According to the recommended screening guidelines, there is a need for universal screening for all pregnant women at their first prenatal visit, regardless of their risk factors. Retesting during the third trimester is advised for pregnant women at high risk for contracting these infections or residing in areas with high prevalence rates.
Screening Methods for Chlamydia and Gonorrhea
Getting comprehensive chlamydia testing and gonorrhea testing is key to a healthy pregnancy. There are different types of testing involved that offer a more comprehensive diagnosis.
Nucleic Acid Amplification Tests (NAATs)
These are highly sensitive and specific diagnostic tools used to detect the genetic material (DNA or RNA) of Chlamydia trachomatis and Neisseria gonorrhoeae. These tests work by amplifying the target genetic material if present in the collected sample and offer fast and reliable results so that the patient can get timely treatment.
This is a non-invasive method for collecting samples to screen for Chlamydia and Gonorrhea during pregnancy. Pregnant women can provide a urine sample that is then tested for the presence of bacterial DNA or RNA. It is often considered a more comfortable form of testing for the patient.
Vaginal and Cervical Swabs
These involve collecting samples directly from the site of infection for laboratory testing. A healthcare provider gently inserts a swab into the vagina or cervix to obtain a specimen, which is then sent to the laboratory for analysis.
In some cases, the patients might need combination testing involving different steps from the above-mentioned options to ensure optimal accuracy of the results. At Queen’s Gynecology, we prioritize patient education to help patients make more informed decisions concerning testing and treatment.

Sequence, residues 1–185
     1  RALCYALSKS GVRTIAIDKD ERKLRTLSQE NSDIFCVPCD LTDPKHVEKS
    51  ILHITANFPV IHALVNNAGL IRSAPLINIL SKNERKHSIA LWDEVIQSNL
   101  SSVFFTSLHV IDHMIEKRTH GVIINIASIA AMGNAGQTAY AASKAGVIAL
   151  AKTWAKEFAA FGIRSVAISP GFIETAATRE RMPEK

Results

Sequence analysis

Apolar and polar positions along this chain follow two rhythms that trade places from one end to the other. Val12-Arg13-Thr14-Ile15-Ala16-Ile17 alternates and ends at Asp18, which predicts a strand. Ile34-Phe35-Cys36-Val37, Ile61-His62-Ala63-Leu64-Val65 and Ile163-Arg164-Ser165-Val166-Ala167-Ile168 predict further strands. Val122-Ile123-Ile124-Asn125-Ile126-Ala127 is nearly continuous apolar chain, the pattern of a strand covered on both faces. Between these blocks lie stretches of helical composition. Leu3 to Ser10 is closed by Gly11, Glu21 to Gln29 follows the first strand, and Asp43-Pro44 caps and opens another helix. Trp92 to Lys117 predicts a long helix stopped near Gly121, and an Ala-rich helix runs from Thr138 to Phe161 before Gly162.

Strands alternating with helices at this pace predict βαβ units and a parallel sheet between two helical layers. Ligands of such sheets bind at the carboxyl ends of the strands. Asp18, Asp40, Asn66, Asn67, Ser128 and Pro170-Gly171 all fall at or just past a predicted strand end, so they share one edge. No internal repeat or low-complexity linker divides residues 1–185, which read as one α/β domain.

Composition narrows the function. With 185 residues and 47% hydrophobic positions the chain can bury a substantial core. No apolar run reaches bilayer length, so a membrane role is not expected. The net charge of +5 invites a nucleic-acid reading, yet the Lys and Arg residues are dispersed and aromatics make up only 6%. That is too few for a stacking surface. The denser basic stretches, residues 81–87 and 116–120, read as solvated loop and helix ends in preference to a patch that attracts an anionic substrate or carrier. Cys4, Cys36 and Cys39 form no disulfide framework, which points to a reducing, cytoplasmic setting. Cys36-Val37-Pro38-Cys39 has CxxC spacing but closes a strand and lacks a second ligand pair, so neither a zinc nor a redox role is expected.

Treatment of Chlamydia and Gonorrhea During Pregnancy
Once the test results confirm a chlamydia or gonorrhea infection, getting immediate and tailored treatment is crucial. Since both are bacterial infections, prompt treatment ensures optimal symptom management and cure and prevents any irreparable risk to the baby’s health in the long run.
Chlamydia is usually treated with antibiotics considered safe for use during pregnancy. The most commonly prescribed antibiotic for Chlamydia treatment is azithromycin or amoxicillin. These antibiotics effectively target the Chlamydia bacteria and help clear the infection.
Gonorrhea, like Chlamydia, is treated with antibiotics. However, due to increasing antibiotic resistance in Gonorrhea strains, treatment options may vary. Ceftriaxone, usually administered through an injection, is the preferred antibiotic for treating Gonorrhea during pregnancy.
Note: Besides the pregnant woman getting the treatment, partner treatment is equally important to alleviate the patient’s reinfection risks. Furthermore, the use of antibiotics is generally considered safe during pregnancy. However, discussing the options with the OB-GYN before starting any medication is ideal.
Screening for Chlamydia and Gonorrhea during pregnancy is fundamental to prenatal care. Early detection and treatment can prevent severe complications, ensuring healthier outcomes for mothers and newborns.
Owing to the fact that STIs can have negative implications on maternal and child health, our experienced team at Queen’s Gynecology emphasizes the need for thorough and timely testing. For more details, contact us at +91 9654999888.
STI test is a standard protocol during pregnancy and is done during the first doctor’s visit after confirming that you are pregnant. Besides that, if you are sexually active during your pregnancy, your doctor might suggest getting an STI test done every trimester for the safety of the mother and the baby.
Both chlamydia and gonorrhea are treatable infections. So, if you are diagnosed with either of these infections during pregnancy, the next step is to start the treatment promptly to arrest the spread of the infection.
The most common signs of these bacterial infections include abnormal vaginal discharge and pain while urinating.